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HOME : Pre-Columbian Art : Mayan Poison Bottles : Mayan Terracotta Poison Bottle
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Mayan Terracotta Poison Bottle - PF.4543
Origin: Guatemala
Circa: 500 AD to 900 AD
Dimensions: 3.5" (8.9cm) high
Collection: Pre-Columbian
Medium: Terracotta

Location: United States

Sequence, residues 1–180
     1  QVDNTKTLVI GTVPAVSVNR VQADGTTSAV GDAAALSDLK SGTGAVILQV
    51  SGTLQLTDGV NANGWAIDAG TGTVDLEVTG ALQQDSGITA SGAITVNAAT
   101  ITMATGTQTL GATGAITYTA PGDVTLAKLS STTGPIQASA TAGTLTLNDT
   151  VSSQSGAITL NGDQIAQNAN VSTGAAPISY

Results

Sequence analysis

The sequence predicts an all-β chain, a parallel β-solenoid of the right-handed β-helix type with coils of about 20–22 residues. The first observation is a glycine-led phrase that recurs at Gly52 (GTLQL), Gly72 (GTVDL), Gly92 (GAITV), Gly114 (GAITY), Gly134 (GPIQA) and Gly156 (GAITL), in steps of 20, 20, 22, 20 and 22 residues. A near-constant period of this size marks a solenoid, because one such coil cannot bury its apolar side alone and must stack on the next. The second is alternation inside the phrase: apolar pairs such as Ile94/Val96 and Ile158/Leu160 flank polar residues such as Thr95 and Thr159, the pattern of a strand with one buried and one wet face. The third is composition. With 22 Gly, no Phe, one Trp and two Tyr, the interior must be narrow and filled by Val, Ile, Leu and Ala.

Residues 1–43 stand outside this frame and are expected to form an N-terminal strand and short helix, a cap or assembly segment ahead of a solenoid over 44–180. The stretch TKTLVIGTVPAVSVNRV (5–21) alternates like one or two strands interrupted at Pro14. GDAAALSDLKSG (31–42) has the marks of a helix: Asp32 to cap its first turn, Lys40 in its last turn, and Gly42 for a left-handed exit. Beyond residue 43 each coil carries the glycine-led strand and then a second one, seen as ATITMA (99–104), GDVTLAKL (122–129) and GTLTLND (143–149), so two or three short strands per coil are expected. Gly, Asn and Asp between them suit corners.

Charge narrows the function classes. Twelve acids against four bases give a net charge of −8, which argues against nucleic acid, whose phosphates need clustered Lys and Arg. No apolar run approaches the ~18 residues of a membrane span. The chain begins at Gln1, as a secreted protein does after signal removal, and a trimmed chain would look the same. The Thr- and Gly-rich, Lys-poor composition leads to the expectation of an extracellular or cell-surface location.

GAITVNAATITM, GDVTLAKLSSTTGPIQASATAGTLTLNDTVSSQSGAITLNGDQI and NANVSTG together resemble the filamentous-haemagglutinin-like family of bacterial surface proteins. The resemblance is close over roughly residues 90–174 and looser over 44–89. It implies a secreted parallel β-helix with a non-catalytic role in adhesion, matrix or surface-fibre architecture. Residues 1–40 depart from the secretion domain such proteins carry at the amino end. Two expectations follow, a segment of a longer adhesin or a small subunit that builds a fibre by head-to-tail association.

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It is impossible to overestimate the importance ritual and ceremony had on Maya society. To perform a sacred rite was the re-enactment of procedure and method in an exact sequence choreographed precisely as an exquisite dance. Music, language and art played a crucial role in presenting a visual and audible structure within which the gods could communicate with mortals; and if successful, everyone could experience a transcendent moment of reality. This principal applies to any context where ritual is precisely followed, including matters, which touch only one individual at a time. The joy of discovering such gems as this lovely flask is that it brings us into direct contact with an esoteric symbolism that is, nonetheless, very human and exciting. Inscribed on both front and back is a scene where the same event is taking place. Two seated male figures face each other, separated by a column of glyphs. The one on the left is the God L, known as Lord One Death, seen smoking his characteristic cigar. He is facing another deity known as God K. This flask may have contained powdered pigments or other materials such as copal incense. If so, then it might have belonged to a painter. In fact, its size and shape is quite similar to containers of copal oil used by artists today. The inscribed scene, along with the glyphs, constitutes a vital part of the effectiveness of the liquid held within. Art as language could attract power through ritual and influence material things. A simple object thereby becomes something extraordinary, imbued with magic and otherworldly mystery used for the heavenly pursuit of painting. - (PF.4543)


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